Internships and Fellowships
Many companies hire PhD students as summer (or even academic year) interns. Tips for finding/landing these internships:
- Search your desired field + "Intern" or "PhD Intern" (e.g., "Data Science Intern) on Google or Glassdoor.
- Customize your cover letter! Even if different job postings look very similar, customized cover letters go a long way.
- Reach out to UConn faculty. Many have industry connections (e.g., faculty involved in SLAC).
- Add basic skills to your resume by taking online courses. For example, many Data Science internships require some SQL knowledge, which can be learned in less than a week.
- Society for Research in Child Development Policy Fellowships: predoctoral and postdoctoral fellowships at the federal and state level.
- Insight Data Science Fellows Program: Designed to bridge the gap between academia and data science. Apply for the session that begins right after you graduate, as you are expected to start a new position in a company once the program has concluded.
- The Data Incubator Data Science Fellowship: Same as Insight, just a different group.
- Strategic Data Project Fellowship: 2-year fellowship where you use data to improve education. Placements are located all over the country.
- Education Pioneers Fellowship: Offers both summer and 10 month fellowships again applying data science to education.
Tips for an Industry Job Search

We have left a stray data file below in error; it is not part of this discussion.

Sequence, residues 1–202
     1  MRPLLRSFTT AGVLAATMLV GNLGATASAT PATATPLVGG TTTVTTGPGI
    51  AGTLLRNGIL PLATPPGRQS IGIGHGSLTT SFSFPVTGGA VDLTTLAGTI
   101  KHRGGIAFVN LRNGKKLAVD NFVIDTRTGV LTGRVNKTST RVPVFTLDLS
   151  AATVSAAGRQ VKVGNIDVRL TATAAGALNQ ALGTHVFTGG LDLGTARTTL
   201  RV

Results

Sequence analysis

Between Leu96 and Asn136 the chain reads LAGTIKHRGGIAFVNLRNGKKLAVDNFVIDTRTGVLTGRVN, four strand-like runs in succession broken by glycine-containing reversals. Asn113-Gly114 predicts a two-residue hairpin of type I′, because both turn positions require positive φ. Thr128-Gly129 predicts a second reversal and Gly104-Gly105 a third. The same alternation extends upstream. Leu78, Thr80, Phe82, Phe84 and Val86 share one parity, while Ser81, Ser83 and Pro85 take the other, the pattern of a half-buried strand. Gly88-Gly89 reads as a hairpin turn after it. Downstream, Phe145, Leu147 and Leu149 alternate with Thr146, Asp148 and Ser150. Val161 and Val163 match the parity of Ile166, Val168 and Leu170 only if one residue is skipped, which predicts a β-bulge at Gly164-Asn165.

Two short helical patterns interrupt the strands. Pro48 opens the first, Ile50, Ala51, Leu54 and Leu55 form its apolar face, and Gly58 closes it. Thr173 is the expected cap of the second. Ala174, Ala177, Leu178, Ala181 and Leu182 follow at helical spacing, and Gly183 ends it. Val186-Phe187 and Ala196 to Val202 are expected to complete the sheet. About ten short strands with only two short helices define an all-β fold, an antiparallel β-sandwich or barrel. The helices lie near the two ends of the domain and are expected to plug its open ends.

Academia and industry do similar things, but don't use the same words for them. Below is a guide to help you get through the auto-screen of a company's ATS.
- Interdisciplinary -> cross-functional
- Experimental design -> A/B testing
- Conclusions/future directions -> insights
Using Networking Tools
Networking is hard! It feels weird to contact someone out of the blue and ask them to help you with a job search, especially if your connection is minimal or if you haven't spoken in a while. The truth is that most people want to help others out, and those who don't will probably just ignore your email. So reach out! Even if it seems weird.
LinkedIn is a surprisingly good resource. When looking at a position, you can type the company's name into the search bar and filter individuals by that company. Then, you can search for keywords to find people who work in the department or team that you are applying to. This is especially useful for finding the hiring manager's name for your cover letter.
LinkedIn also auto-places people with whom you have a shared connection at the top, so you know who to reach out to first.
Last updated 3/28/2019.